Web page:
There are two types of soil they are transported soil and residual soil. They differ from each other in terms of their origin, formation processes, and characteristics. Here we will discuss, how is transported soil different from residual soil.
Types of soil
- Transported Soil
- Residual Soil
A) Transported Soil:
Transported soil is also known as transported sediment or extraneous soil. It is formed when weathered materials are transported from their original source position or location to a new location by continuous deposition.
It is mainly transported by natural forces and agents like gravity, wind, ice (from glaciers), water (from rivers, streams, and oceans), landslides, etc.
Some examples of transported soil are alluvial soil (deposited by rivers and streams), aeolian soil (deposited by wind), glacial soil (deposited by glaciers), colluvial soil (deposited by gravity, landslides), etc.
Characteristics of Transported Soil:
a) Particle Size: The size of transported soil grains depends on the distance traveled and the agent of transporting soil from one place to another.
It has a wide range of particle sizes and a mixture of silt, clay, sand, and other minerals. The particle size of transported soil generally ranges from 0.002 mm to 2 mm in nature.
b) Uniformity: Transported soil relatively has uniform size due to the sorting process during transportation. Sometimes transported soils show distinct layers or horizons, depending on the depositional conditions and environment.
c) Parent Material: The parent material of transported soil is different from the underlying bedrock or geological formations of the area where it is found, as it has been transported from elsewhere.
Transported soil has been transported from another location so the parent materials of transported soil are different from the underlying bedrock or geological formations of the place where it has been deposited.
B) Residual Soil:
Residual soil is also known as sedentary soil or in situ soil. Residual soil is formed from mostly the weathering of rock and remains at the location of its origin without being transported to another location. The depth of residual soil varies from 5 meters to 20 meters.
Weathering process may be caused by mechanical weathering, chemical weathering, and biological weathering.
Residual soils can include particles having a wide range of sizes, shapes, and compositions depending upon the amount and type of weathering and the minerals in the parent rock. The rate of weathering is generally greater in warm, humid regions than in cool, dry regions.
It is formed by the slow breakdown of the parent soil or bedrock materials over time, in the same location where the bedrock is situated.
Some examples of residual soil are laterite soil (Found in tropical and subtropical regions with intense weathering), podzol soil (Common in coniferous forest regions with acidic parent material), red clay soil (Formed from weathered volcanic rocks), etc.
Characteristics of Residual Soil:
a) Parent Material: Residual soil is formed due to the weathering of this parent material. So, The parent material of residual soil is the same as the underlying bedrock or geological formations of the location.
b) Particle size: Residual soils have particle sizes similar to the parent rock. But some weathering may cause changes in the particle size distribution of the rocks formed.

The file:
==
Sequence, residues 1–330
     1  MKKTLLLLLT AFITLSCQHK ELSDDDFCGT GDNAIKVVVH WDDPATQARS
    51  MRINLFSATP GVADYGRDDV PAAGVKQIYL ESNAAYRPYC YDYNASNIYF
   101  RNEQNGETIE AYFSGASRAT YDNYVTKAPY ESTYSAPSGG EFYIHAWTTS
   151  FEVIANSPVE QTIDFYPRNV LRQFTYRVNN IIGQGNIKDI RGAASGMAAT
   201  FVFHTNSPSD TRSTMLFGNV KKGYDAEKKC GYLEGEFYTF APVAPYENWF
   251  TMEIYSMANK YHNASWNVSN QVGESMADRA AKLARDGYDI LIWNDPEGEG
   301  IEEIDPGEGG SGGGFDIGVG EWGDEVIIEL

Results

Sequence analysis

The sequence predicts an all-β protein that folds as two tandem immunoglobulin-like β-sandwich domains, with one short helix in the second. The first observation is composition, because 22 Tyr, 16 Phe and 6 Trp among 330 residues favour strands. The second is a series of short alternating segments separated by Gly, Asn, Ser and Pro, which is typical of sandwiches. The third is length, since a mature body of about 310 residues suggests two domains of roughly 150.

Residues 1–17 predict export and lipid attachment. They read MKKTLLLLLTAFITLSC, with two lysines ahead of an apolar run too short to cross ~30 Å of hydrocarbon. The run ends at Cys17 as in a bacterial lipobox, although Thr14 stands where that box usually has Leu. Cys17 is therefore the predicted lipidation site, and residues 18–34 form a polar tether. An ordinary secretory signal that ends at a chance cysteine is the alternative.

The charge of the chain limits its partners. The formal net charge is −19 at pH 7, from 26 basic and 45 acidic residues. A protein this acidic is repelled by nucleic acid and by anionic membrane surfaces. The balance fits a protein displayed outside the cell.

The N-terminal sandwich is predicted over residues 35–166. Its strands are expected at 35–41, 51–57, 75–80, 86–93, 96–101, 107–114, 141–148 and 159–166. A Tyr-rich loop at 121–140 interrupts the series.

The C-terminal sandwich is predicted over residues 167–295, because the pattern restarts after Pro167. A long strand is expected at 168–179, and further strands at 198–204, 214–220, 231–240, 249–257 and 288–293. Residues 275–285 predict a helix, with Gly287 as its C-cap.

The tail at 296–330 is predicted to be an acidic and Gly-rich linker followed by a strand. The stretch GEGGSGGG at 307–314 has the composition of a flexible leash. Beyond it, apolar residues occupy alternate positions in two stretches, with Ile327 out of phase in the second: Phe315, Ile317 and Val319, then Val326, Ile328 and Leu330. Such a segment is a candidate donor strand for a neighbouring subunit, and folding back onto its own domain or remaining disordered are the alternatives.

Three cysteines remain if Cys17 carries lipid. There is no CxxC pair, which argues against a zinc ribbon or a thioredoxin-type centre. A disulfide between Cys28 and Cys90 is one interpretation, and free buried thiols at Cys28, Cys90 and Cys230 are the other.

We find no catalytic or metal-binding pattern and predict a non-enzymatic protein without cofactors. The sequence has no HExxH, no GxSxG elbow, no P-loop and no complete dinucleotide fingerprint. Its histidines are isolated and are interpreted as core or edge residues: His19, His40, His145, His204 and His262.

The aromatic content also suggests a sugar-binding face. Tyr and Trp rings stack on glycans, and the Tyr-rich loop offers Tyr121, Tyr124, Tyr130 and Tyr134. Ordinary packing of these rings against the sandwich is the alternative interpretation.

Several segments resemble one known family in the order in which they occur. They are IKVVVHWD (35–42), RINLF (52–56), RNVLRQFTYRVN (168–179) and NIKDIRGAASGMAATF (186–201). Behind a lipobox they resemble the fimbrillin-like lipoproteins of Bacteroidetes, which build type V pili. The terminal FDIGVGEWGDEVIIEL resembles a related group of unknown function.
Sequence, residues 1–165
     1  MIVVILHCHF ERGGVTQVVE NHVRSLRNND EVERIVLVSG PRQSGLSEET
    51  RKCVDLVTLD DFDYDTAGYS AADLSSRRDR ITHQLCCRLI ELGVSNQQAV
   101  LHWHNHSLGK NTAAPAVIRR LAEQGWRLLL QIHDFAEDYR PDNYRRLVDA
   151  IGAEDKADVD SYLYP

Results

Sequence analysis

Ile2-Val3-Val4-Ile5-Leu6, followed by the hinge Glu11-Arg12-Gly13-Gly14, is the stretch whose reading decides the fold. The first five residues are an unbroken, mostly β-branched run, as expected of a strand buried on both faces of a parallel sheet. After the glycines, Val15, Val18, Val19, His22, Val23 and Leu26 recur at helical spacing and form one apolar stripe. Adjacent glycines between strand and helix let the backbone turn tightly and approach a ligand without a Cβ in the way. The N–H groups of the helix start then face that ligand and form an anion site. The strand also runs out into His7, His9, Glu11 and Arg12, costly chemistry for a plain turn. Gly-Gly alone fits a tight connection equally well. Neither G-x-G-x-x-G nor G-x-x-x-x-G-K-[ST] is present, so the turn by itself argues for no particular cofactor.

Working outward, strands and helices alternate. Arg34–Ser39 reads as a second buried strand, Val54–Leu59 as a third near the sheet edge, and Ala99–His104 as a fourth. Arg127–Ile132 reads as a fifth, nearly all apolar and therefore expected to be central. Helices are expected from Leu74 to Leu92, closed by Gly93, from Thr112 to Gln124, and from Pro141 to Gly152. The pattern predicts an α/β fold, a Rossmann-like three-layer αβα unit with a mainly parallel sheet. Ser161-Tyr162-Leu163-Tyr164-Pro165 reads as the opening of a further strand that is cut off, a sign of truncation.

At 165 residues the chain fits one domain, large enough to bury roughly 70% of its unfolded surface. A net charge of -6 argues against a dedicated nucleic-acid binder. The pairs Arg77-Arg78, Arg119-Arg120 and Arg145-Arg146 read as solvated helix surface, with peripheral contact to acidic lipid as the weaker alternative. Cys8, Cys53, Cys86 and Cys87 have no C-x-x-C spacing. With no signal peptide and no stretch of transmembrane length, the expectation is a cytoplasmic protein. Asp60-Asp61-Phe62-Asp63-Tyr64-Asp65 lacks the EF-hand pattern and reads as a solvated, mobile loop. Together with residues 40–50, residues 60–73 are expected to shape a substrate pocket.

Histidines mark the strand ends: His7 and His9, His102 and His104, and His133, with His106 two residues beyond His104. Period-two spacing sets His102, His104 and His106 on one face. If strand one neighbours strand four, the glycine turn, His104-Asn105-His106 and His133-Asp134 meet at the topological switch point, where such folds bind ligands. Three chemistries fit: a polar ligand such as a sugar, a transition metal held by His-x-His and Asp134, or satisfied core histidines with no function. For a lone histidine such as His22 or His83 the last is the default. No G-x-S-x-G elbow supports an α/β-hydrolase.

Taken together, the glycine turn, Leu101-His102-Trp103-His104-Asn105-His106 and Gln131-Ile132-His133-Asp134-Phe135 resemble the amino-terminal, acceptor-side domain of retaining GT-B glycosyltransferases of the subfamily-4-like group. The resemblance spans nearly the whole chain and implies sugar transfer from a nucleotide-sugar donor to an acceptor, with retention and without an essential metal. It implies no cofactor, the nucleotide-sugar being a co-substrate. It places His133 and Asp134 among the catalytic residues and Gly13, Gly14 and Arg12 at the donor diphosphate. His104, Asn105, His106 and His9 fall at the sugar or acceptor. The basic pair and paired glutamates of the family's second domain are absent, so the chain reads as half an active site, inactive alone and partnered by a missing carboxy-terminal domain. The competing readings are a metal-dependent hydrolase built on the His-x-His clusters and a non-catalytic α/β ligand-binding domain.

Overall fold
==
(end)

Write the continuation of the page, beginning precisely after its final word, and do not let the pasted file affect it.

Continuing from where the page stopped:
c) Homogeneity: Residual soil does not undergo the sorting process of transportation. So, The earth is relatively homogenous in composition. and Residual soils do not have well-defined layers since the weathering process occurs in the same location.
How is transported soil different from residual soil ?
|Formed by transportation soil particle
|Formed by the weathering soil parent soil
|Origin of Material
|It transported from outside sources of soil
|Formed from the underlying bedrock or geological formations of the place
|Wide range of particle sizes
|Similar to the parent rock, although some changes may occur due to weathering
|Relatively homogenous composition compared to transported soil
|It may be formed in different layers
|Less pronounced layering compared to transported soil
|Different from the underlying bedrock
|Same as the underlying bedrock
|Alluvial soil, Aeolian soil, Glacial till, Colluvial soil
|Laterite soil, Podzol soil, Red clay soil
Q.1) What are transported soil and residual soil examples?
Ans:- The example of transported soils are Alluvial soil, Aeolian soil, Glacial till, Colluvial soil, etc and the example of residual soil are Laterite soil, Podzol soil, Red clay soil, etc.
Q.2) What is the difference between residual and transported?
Ans:- The main difference between residual and transported soil is, transported soil is formed by the moving of soil particles from one place to another by natural means but residual soil is formed at the place of the parent rocks mass.
Q.3) How is transported soil different from residual soil?
Ans:- Transported soil is different from residual soil by the mode of transportation, reason for formation, size of the particle, formation of layers, etc.
Q.4) Similarities between residual soil and transported soil?
Ans:- Similarities between residual soil and transported soil are given below,
- Composition: Both soils contain organic matter, weathering products, and mineral particles (sand, silt, clay), etc.
- Parent Material: Both come from the deterioration of minerals and rocks from parent rocks.
- Weathering Influence: Both were formed as a result of weathering processes.
- Properties: Physical and chemical characteristics like texture, color, fertility, and nutrient content are present in both.
- Agricultural Uses:- Both have applications in agriculture, building, and landscaping.
- Erosion:- Erosion is a possibility for both types of soil.